Wednesday, October 13, 2010, 1:48 p.m., Updated at 3:37 p.m.
By Mark Zuckerman
Bryce Harper will celebrate his 18th birthday this weekend at home in Las Vegas. Then he'll make the short trip to Scottsdale, Ariz., and immediately start facing the toughest competition of his brief baseball career.
The Washington Nationals have added the No. 1 draft pick to their roster of players participating in the Arizona Fall League, an elite "finishing school" generally reserved for top prospects who have already played at the Class AA or Class AAA level.
Harper, of course, has yet to play at any official minor-league level, aside from about three weeks in Viera, Fla., at the instructional league. But Nationals officials believe the catcher-turned-outfielder (who turns 18 on Saturday) needs to get as much playing experience as he can this offseason, so they're sending him to Arizona to serve as a member of the Scottsdale Scorpions' "taxi squad."
"I recognize that this kid is going into a situation that is pretty unprecedented," Nationals general manager Mike Rizzo said. "He's going to be an 18-year-old player in an extremely accelerated league. But we feel the trade-off of getting this kid to work out for two months in that environment was well worth the opportunity of him struggling a little bit in such an advanced league. With this kid's ability level and this kid's attitude, it's certainly not going to retard his progress."
AFL teams play six games per week, but taxi squad members are only allowed to play on Wednesdays and Saturdays (unless they're replacing an injured teammate). So Harper, who is expected to make his debut next Wednesday against the Mesa Solar Sox, will receive limited playing time.
Harper, though, will be able to participate in all pregame workouts and sit in the dugout during games even when he's not eligible to play. Club officials believe that experience will be worth it, both on the field and in the clubhouse alongside teammates who are anywhere from four to eight years older than him.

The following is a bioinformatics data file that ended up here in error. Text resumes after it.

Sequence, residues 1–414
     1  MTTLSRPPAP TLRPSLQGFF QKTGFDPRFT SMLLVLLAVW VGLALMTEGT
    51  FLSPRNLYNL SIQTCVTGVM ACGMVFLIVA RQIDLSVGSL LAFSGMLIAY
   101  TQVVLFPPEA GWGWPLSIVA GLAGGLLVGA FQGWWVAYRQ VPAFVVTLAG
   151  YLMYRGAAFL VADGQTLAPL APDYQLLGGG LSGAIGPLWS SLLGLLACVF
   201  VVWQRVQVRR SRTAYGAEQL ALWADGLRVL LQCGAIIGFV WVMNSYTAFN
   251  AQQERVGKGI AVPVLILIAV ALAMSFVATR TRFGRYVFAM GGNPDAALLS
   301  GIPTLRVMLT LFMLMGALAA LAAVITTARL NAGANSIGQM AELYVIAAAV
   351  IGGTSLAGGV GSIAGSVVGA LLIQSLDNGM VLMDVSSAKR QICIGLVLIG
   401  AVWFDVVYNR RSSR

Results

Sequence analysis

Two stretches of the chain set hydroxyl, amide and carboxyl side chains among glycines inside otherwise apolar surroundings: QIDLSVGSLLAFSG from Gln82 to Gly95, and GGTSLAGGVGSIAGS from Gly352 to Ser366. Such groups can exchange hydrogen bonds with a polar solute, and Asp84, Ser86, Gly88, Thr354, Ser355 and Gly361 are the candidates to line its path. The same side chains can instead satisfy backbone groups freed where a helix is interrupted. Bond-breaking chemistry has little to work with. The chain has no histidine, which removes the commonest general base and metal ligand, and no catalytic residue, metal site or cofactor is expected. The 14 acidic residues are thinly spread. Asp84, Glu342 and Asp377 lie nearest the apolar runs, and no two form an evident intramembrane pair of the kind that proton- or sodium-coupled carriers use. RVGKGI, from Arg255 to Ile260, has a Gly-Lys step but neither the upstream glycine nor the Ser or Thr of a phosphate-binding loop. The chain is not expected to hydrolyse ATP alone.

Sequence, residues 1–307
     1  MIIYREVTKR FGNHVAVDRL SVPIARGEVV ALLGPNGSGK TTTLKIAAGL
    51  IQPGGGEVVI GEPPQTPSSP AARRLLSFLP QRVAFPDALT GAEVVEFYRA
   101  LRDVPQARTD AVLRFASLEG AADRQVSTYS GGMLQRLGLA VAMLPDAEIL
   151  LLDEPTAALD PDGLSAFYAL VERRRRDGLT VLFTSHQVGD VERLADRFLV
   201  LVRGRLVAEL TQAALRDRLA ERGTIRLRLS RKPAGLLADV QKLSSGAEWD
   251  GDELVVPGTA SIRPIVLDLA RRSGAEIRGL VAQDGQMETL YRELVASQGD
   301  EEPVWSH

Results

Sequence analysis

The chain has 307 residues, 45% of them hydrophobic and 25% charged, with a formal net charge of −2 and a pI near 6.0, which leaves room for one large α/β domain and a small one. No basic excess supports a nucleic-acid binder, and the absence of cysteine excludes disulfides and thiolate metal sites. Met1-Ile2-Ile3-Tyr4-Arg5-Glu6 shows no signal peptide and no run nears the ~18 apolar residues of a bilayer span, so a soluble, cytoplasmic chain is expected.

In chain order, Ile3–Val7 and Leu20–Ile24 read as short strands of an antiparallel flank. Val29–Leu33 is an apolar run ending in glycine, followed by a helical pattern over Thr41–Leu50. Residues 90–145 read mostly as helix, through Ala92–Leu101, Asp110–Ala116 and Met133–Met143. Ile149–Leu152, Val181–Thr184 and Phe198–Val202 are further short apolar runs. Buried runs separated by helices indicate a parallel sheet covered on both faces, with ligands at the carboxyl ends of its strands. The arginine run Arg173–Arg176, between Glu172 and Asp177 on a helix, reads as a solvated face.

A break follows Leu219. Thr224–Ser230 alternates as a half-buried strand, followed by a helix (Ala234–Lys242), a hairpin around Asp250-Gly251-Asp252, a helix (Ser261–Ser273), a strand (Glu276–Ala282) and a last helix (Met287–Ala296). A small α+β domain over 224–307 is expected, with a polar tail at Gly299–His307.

Rizzo and manager Jim Riggleman were among those who watched Harper play in the instructional league last week. The former College of Southern Nevada star had his ups and downs in his first taste of professional baseball, but he showed progress over the last few weeks and wound up hitting .319 (15-for-47) with four homers, 12 RBI and seven walks.
The Nationals don't believe Harper is as close to big-league ready as the other players currently in the AFL -- Rizzo said he'll still open 2011 at either low-Class A Hagerstown or high-Class A Potomac -- but they'd rather him get more experience over the next month against higher competition than work out on his own at home.
"I just felt we weren't doing him justice by sending him home and working out with a high school team and lifting weights on his own," Rizzo said. "This an opportunity for us to have this guy immersed into baseball for two more months at an accelerated rate with great players around him, for a lot of that stuff to rub off on him and really learn the professional game at probably its highest level other than the big leagues."
Seven other Nationals prospects are already playing for the Scorpions, who are led by Class AA Harrisburg manager Randy Knorr: right-handers Adam Carr, Cole Kimball and Brad Peacock, left-hander Sammy Solis (their second-round pick in this summer's draft), catcher Derek Norris, infielder Steve Lombardozzi and outfielder Michael Burgess. Carr, 26, is the only player from the group with Class AAA experience. Kimball, Peacock, Solis and Burgess have all played at Class AA. Solis and Norris are participating as the Nationals' two allotted exemptions.
Major League Baseball, which owns and operates the AFL, granted an extra exemption to allow Harper to play off the taxi squad. His participation figures to draw increased attention to the league, which benefited significantly from Stephen Strasburg's performance last fall.